Implementing your own pooling system doesn’t sound too complex, as you only need to implement a few operations:

  • Create & dispose pool
  • Take from the pool
  • Return into the pool
  • Reset operations

But it often gets more complicated than that when you start thinking of:

  • Type safety
  • Memory management and data structures
  • Custom object allocation/deallocation
  • Thread-safety

Does that sound like a headache already?

I can already see your face a bit paler than before…

My suggestion is to not reinvent the wheel (unless it’s a learning exercise).

Since it’s an already-solved problem, use something that works so you can focus on your project.

Focus on bringing the fun to your players.

That’s what they’ll pay you for anyway.

Let’s check the second option.

B) 3rd Party Object Pooling

Here, you choose a 3rd party provider from sources like:

  • The Unity Asset Store
  • Github
  • A friend or family member

Let’s see a few examples:

But before you click the buy button… keep reading.

3rd party tools can work wonders and have tons of features.

But that comes with drawbacks:

  • You rely on their support to fix issues and upgrade the packages to newer editor versions.
  • If you don’t have source code, you can’t fix issues yourself.
  • More features = complex code. It will take you time to understand and maintain their system.
  • They can get expensive (in money and time).

You probably knew all of that, but it’s always a neat reminder :-)

And nowadays there are even fewer reasons to go for a 3rd party asset, since Unity has quietly released a new pooling API in Unity 2021.

And that’s the main topic of this post.

C) The New Unity Pooling API

With version 2021 onwards, Unity released a few C# pooling mechanisms that will help you in a myriad of use cases.

These pools of objects are directly integrated in the Unity engine. No extra downloads required and kept up to date on each Unity update.

As a huge plus, you have access to their source code.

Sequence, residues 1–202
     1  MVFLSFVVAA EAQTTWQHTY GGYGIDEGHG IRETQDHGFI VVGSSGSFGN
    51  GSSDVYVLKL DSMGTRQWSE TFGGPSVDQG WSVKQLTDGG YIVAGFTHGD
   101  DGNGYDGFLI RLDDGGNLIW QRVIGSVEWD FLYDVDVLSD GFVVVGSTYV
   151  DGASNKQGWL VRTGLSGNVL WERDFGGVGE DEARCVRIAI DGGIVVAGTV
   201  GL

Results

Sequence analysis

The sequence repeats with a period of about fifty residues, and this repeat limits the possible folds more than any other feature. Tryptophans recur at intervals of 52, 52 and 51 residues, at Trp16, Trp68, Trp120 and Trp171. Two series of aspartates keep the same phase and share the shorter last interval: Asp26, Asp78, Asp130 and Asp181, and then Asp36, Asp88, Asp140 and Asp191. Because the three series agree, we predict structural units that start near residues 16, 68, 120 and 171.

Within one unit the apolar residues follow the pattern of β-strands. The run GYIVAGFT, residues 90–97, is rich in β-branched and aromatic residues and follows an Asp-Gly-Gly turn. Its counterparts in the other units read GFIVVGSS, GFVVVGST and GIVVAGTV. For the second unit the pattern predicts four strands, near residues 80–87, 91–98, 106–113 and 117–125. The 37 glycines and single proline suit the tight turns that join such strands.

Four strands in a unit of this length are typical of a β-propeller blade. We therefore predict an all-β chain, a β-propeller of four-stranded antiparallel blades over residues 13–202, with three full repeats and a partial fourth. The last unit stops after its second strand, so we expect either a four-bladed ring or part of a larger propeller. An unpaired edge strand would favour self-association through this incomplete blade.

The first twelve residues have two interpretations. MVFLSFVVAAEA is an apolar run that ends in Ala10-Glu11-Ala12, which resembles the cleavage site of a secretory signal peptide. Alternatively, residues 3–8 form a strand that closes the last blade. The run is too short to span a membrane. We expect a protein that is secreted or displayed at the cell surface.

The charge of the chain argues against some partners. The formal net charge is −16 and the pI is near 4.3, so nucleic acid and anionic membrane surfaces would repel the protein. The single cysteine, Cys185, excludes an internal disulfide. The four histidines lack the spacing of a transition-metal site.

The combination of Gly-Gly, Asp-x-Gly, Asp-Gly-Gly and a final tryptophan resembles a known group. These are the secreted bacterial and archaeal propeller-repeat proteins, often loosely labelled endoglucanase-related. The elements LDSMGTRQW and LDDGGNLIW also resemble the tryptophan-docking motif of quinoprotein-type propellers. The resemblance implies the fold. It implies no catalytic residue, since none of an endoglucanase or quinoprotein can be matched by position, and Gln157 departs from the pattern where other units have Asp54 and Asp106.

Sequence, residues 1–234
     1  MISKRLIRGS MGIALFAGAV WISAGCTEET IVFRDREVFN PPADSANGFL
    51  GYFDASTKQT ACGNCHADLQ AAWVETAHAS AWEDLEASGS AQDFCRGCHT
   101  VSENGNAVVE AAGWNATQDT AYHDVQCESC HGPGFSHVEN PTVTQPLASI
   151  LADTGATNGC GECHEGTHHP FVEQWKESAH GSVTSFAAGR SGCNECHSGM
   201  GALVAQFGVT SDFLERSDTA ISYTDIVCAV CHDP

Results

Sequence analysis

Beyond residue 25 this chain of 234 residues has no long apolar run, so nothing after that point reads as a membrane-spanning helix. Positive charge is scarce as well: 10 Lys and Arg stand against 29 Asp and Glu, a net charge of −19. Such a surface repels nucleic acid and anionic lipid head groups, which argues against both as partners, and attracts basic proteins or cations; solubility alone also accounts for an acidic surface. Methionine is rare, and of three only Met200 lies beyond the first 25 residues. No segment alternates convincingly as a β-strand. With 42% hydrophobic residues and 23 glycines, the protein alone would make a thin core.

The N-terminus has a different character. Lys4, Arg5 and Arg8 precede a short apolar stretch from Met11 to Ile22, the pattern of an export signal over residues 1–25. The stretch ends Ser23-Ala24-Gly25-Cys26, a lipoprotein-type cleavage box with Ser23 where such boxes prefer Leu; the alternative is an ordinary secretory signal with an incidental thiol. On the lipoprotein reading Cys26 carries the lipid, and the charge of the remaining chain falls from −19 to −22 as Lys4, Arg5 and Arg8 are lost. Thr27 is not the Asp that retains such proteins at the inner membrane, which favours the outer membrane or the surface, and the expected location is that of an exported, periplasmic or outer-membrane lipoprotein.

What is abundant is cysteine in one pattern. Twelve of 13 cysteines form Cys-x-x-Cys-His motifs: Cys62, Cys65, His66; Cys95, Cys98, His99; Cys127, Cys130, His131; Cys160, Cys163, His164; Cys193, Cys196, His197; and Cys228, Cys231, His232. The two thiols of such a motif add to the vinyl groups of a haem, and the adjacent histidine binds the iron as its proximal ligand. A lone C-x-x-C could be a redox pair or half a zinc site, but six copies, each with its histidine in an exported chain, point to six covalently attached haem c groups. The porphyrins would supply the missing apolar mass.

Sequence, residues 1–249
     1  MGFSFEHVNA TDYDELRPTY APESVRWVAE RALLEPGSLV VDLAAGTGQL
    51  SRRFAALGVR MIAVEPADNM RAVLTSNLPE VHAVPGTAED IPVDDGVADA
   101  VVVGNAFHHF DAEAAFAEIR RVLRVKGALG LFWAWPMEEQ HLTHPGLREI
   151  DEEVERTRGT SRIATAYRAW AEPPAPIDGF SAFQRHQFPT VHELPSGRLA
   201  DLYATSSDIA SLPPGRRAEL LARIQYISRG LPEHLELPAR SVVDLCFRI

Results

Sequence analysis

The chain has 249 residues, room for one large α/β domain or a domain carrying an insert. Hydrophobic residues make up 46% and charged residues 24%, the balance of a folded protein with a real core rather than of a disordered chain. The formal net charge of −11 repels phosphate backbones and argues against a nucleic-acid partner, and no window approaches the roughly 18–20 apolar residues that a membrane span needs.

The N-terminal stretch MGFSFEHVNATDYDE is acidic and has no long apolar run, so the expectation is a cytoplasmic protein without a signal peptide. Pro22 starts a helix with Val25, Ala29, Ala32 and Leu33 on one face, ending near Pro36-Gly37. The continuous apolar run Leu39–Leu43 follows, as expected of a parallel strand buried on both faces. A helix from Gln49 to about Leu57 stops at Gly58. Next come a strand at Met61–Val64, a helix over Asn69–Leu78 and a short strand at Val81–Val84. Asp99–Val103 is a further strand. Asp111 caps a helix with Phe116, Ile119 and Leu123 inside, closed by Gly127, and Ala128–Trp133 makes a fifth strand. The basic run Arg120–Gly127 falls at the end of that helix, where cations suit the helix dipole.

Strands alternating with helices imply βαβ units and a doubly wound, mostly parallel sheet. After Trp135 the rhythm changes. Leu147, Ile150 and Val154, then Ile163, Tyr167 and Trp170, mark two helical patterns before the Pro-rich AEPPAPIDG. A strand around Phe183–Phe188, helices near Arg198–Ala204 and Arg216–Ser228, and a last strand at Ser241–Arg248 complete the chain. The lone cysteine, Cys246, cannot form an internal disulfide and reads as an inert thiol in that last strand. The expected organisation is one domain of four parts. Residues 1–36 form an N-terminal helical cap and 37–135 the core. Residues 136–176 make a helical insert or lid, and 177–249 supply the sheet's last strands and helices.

And I must say that the implementations are quite straight forward. It’s a nice evening read.

Let’s see how you can start using the Unity Pooling API today so that you can reduce the performance cost of these operations you and I know about.

How to Use The New Object Pooling API in Unity 2021

The first step is to make sure you are on Unity 2021+.

(I mean, you can just copy & paste the code into any of your older projects… but hey, I never said this)

Then, it’s just a matter of knowing the Unity Pooling API:

  • The pooling operations.
  • The different pooling containers.
I already gave you a few spoilers on the pooling operations. But let's dig deeper into them.

1. Constructing Your Pool

The first operation you need to do is to construct the pooling container of your choice.

That’s usually done in a single line of code, so don’t worry here.

The constructor parameters depend on the specific container you want to use, but they are quite similar

Here are the usual Unity pooling constructor parameters:

createFuncCalled to create a new instance of your object, e.g. () => new GameObject(“Bullet”) or () => new Vector3(0,0,0)
actionOnGetCalled when you take an instance the pool, e.g. to activate the game object
actionOnReleaseCalled when you return an instance to the pool, e.g. to clean up and deactivate the instance.
actionOnDestroyCalled when the pool destroys this item, i.e. when it doesn’t fit (exceeds maximum size) or the pool is destroyed
collectionCheckTrue if you want Unity to check that this item was not already in the pool when you try to return it (only in editor)
defaultCapacityDefault pool size: initial size of the stack/list that will contain your elements
maxSizePool size: maximum number of free items that are in the pool at any given time. If you return an item to a pool that is full, this item will be destroyed instead.

Here’s how you can create an object pool of GameObjects:

_pool = new ObjectPool<GameObject>(createFunc: () => new GameObject("PooledObject"), actionOnGet: (obj) => obj.SetActive(true), actionOnRelease: (obj) => obj.SetActive(false), actionOnDestroy: (obj) => Destroy(obj), collectionChecks: false, defaultCapacity: 10, maxPoolSize: 10);

I left the parameter names for clarity; feel free to skip them in production code :-).

And sure enough, this is just an example with a GameObject. You can use it with any type you want.

Okay, now you have a pool of _GameObject_s.

How do you use it?

2. Creating Your Pool Elements

The first thing Unity needs to know how to create more of your _GameObject_s whenever you request more than are available.

We already specified that in the constructor, as we passed the createFunc function as the first parameter to the pool constructor.

Every time that you want to take a GameObject from an empty pool, Unity will create one for you and give it to you.

And to create it, it will use the createFunc function you passed.

And how do we take a GameObject from the pool?

3. Taking an Element From Your Pool

Now that you have your pool reference stored in _pool, you can call its Get function:

GameObject myGameObject = _pool.Get();

That’s it.

Now you can use the object as you wish (within certain limits).

When you are done with it, you need to return it back to your pool so you can use it later on.